Growing Our Thinking Together
  • Our thinking grows like a balloon with each comment from a friend
  • It gives us confidence
  • We capture other people's thinking
  • We build on what others say, like knots in a rope (they had studied Quipus (talking knots) of Peru)
  • We cooperate, listen and ask for clarification
  • We restate our ideas
  • Everyone contributes
  • We yield to each other
    • Let less talkative people go first
    • Person with relevant information goes first (valuable)
    • Let the person who is responding to another go first

This metaphor, of growing our thinking together like a balloon, carried over for the rest of the year. If a student derailed a conversation, it was called “popping the balloon.” It was so powerful to hear the students recognize the power their own language had on others.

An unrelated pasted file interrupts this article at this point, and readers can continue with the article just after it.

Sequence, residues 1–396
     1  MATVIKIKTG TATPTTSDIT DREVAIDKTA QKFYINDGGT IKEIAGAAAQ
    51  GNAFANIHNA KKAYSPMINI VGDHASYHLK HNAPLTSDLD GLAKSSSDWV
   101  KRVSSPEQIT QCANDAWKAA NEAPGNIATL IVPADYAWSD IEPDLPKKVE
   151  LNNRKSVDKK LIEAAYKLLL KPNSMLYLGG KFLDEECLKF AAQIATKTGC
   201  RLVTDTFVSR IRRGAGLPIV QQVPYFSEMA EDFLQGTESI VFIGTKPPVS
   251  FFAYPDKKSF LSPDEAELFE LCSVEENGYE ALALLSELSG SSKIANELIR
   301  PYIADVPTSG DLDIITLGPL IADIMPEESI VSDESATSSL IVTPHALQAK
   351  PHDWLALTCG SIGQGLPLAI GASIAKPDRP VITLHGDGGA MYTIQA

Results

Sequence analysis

Like many others have said, I will need to re-read Opening Minds to really let the ideas simmer. It is my goal this school year to create a community of learners in my classroom where I learn along with my students and honor the contributions they provide.

If you would like to join the conversation about Peter Johnston's book Opening Minds:Using Language to Change Lives, check out #CyberPD on Twitter, or this week's host, Carol, at Carol's Corner.